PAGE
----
For Cash on Demand (1962), Hammer Films took on Charles Dickens for a modern “Christmas Carol” – one delivered as a nail-biting heist thriller. Peter Cushing stars as our Scrooge stand-in, Fordyce: a cold-hearted bank manager who casually bullies and threatens to terminate his constantly-terrified staff. The film takes place on a snowy December morning, and convincingly unfolds in something close to real-time. While the opening credits roll, and tense music plays (by Wilfred Josephs), the camera roves about the empty bank offices and down the steps toward the basement vault, studying every nook and cranny of the building: what will essentially be the only stage in the action. Then the employees begin to arrive, including the kindly Mr. Pearson (Richard Vernon, A Hard Day’s Night), Fordyce’s first in command; the efficient Mr. Sanderson (Norman Bird, Burn, Witch, Burn); young and flirtatious Sally (Lois Daine, Hell is a City) and Peter (Barry Lowe, The Camp on Blood Island); and Ms. Pringle (Edith Sharpe, Satan Never Sleeps). When Fordyce arrives, all joy is efficiently siphoned from the building. He immediately shows disapproval that Ms. Pringle has displayed some Christmas cards on her desk. “Banking is one of the few dignified business left in the world, Ms. Pringle. Do you mind terribly if we keep it that way?” “I’m sorry, sir,” she says, and removes the cards. He then berates Pearson for the state of a pen with a corroded tip, blaming him for not keeping it in tip-top shape. “It obviously hasn’t been cleaned or examined in weeks. This isn’t a post office, you know!” The madness continues: Peter is almost fired because a customer was overpaid ten pounds (even though the customer discovered the error and returned the money); and because Pearson tried to cover for his mistake, he’s accused of embezzlement. Pearson, weary of the constant conflict brought to bear by his manager, asks for transfer to another branch. Fordyce quickly responds, “Do you really think I could recommend you to another branch?”
By now, the audience should sufficiently loathe mean Mr. Fordyce; and they should probably expect that he’ll be visited by three ghosts in the evening. But here the screenplay by David T. Chantler and Lewis Greifer (from a play by Jacques Gillies) takes an abrupt turn: into the bank arrives the commanding Colonel Hepburn (André Morell, who was Watson to Cushing’s Sherlock in 1959’s The Hound of the Baskervilles), who immediately overturns Fordyce’s authority by claiming to be from the “head office of the Home and Mercantile Bankers’ Insurance,” the insurance company in charge of the branch’s security. In fact, it’s a minor bit of business, but one of the very first things Hepburn does is reverse an order by Fordyce – he asks Pearson to stay in the office for a few minutes longer and close the door; Fordyce, who isn’t accustomed to being undermined, shows alarm. But it’s just the opening salvo in what will become an increasingly strained relationship. When Pearson leaves the room, convinced that Hepburn will be spending his time at the bank overseeing a thorough inspection, Fordyce takes a call from his home, and learns that his wife and child are being held hostage. She begs her husband to do everything Colonel Hepburn says. And so the bank robbery begins.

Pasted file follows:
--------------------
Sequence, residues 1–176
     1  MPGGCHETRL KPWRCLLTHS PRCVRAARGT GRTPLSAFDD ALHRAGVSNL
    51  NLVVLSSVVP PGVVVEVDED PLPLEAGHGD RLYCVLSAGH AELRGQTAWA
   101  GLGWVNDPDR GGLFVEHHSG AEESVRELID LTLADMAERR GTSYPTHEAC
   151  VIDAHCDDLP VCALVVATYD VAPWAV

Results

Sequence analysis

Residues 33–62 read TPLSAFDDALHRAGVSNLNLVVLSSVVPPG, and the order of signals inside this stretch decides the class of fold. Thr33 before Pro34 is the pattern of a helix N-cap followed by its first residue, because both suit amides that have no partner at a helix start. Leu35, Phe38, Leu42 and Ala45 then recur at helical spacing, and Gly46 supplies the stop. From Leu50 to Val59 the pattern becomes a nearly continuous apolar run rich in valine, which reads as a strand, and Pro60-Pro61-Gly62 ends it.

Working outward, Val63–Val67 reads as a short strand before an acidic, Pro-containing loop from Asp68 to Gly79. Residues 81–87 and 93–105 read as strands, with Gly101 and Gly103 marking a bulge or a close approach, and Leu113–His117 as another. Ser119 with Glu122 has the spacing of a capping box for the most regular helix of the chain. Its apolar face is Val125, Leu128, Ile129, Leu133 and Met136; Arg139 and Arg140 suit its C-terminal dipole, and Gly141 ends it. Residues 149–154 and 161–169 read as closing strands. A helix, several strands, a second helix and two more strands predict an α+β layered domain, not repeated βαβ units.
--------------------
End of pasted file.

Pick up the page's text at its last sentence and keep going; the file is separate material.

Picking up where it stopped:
At just 80 minutes, Cash on Demand is a short programmer, meant to play on double-feature bills, but it’s an efficient, deeply satisfying suspense film. With its limited sets, the story’s stage origins are plainly evident (the furthest we get from the bank’s confines are the snow-covered street and sidewalk just outside the front door), but this also plays to Hammer’s strengths, relying upon masterful staging (by television director Quentin Lawrence) and compelling performances, in particular our two leads: most of the film is just Cushing and Morell alone, as Morell, with a steely gaze and a menacing smile, issues his orders, and Cushing, stripped of his precious authority, is psychologically beaten into submission. As a viewer, our sympathies shift; at first we feel some schadenfreude to see Fordyce reduced to a quivering mess. But Morell’s plan is executed so flawlessly – and Fordyce is so unresisting (since his family is in mortal danger) – that we anxiously await something, anything to expose Colonel Hepburn to the staff or to authorities. Gradually we see some suspicion in Pearson’s eyes. He gets on the phone to make a casual inquiry into Hepburn’s credentials. Time begins to run out, and Hepburn heads out the door with his bags of cash. The suspense may be handled more subtly than Hitchcock, but it works, all leading to an understated but gripping climax that runs with Fordyce-style efficiency. Cushing and Morell both had distinguished careers in British film, but they’ve rarely been as good as they are in this modest little thriller.
The film is available as part of an indispensable 3-disc, 6-film DVD set from Sony, Hammer Films: The Icons of Suspense Collection. Released in early 2010, the set (the third in a series of Hammer “Icons” collections from Sony) spotlights the British studio’s thrillers of the late 50’s and early 60’s, many of which had previously languished in obscurity. Cash on Demand is one of the gems of the collection; but so is The Snorkel (1958), Never Take Sweets from a Stranger (aka Never Take Candy from a Stranger, 1960), and, best of all, Joseph Losey’s The Damned (aka These are the Damned, 1963). Seek it out.